So how are the self-employed different from other wage-based casual workers in the unorganized sector? Casual workers in many sectors have minimal legislative protection through Acts such as the Building and Other Construction Workers (Regulation of Employment and Conditions of Service) Act 1996 and Inter-State Migrant Workers (Regulation of Employment and Conditions of Service) Act 1979. While legislations such as Unorganised Workers Social Security Act, 2008 (UWSSA) have extended to the self-employed, the efforts remain redundant because they have failed to create any legally-binding entitlement of social protection for these workers. Self-employed workers have the double burden of informality and legislative indifference that they face.
Nearly half the rural-urban migrants are in the bottom six consumption deciles and work mainly as casual wage employed or as self-employed in the unorganised sector (Srivastava, 2011). The 64th Round of the National Sample Survey found that self-employment remains a prominent post-migration occupational strategy. This noted that the share of the rural self-employed males in total short-term male migration was significant- nearly 32 per cent, even as the share of rural self-employed females was 24 per cent in the total short-term female migration.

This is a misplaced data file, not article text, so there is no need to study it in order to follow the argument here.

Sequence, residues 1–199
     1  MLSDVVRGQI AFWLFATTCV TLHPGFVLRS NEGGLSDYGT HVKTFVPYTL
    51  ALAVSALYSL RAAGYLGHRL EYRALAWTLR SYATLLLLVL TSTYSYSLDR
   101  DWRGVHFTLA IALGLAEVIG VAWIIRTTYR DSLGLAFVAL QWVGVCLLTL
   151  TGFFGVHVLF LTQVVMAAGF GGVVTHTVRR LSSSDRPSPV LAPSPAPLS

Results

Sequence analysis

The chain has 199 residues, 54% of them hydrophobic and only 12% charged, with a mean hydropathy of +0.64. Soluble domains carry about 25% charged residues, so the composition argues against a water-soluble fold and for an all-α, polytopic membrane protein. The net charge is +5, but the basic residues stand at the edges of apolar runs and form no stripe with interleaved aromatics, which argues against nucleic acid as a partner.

Migrants already face numerous hurdles at destination states with respect to integration. One of these is that they lack civic identity at the destination. Civic identity refers to the recognition of an individual in the social and political sphere of a particular place such that they can participate in public life and political decision-making. India has a federal structure, under which each state recognises its residents as natives, who can avail specific government schemes as residents of the state. There are different markers of civic identity across states, like Ration Card, Voter ID Card, PAN Card, which rest on the criteria of domicile. The fact that a migrant can only have a ration card at source, and not at the destination, where they are employed for most part of the year severely affects their chances of being food secure at destination (Dreze and Khera, 2013). Similarly, domicile requirements which restrict availing a Voter ID at destination alienates the migrant from political processes of the destination state. All the factors collectively expose migrants to systemic labour market discrimination (Srivastava, 2020). Migrants are often unable to produce identification documents with addresses in the destination states to make use of social protection schemes. Self-employed migrant workers therefore often have the inability to shape and participate in the social, economic and political processes that affect their lives in destination states. In addition to this, self-employed migrant workers have poor access to housing and basic amenities, poorer entitlements, poor working conditions and labour market discrimination, among other vulnerabilities (Deshingkar, Akter, 2009).